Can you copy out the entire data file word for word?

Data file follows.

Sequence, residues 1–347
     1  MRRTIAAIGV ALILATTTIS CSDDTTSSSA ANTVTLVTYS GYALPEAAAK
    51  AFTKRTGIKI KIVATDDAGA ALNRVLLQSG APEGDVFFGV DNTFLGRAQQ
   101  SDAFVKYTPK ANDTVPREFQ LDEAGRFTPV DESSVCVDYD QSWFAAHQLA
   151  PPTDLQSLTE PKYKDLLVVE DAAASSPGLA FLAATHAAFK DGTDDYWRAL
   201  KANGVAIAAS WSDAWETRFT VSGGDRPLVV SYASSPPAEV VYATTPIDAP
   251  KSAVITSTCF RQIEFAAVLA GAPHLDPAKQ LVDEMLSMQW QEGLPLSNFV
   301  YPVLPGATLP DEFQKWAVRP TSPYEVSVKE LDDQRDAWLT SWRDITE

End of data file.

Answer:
Sequence, residues 1–347
     1  MRRTIAAIGV ALILATTTIS CSDDTTSSSA ANTVTLVTYS GYALPEAAAK
    51  AFTKRTGIKI KIVATDDAGA ALNRVLLQSG APEGDVFFGV DNTFLGRAQQ
   101  SDAFVKYTPK ANDTVPREFQ LDEAGRFTPV DESSVCVDYD QSWFAAHQLA
   151  PPTDLQSLTE PKYKDLLVVE DAAASSPGLA FLAATHAAFK DGTDDYWRAL
   201  KANGVAIAAS WSDAWETRFT VSGGDRPLVV SYASSPPAEV VYATTPIDAP
   251  KSAVITSTCF RQIEFAAVLA GAPHLDPAKQ LVDEMLSMQW QEGLPLSNFV
   301  YPVLPGATLP DEFQKWAVRP TSPYEVSVKE LDDQRDAWLT SWRDITE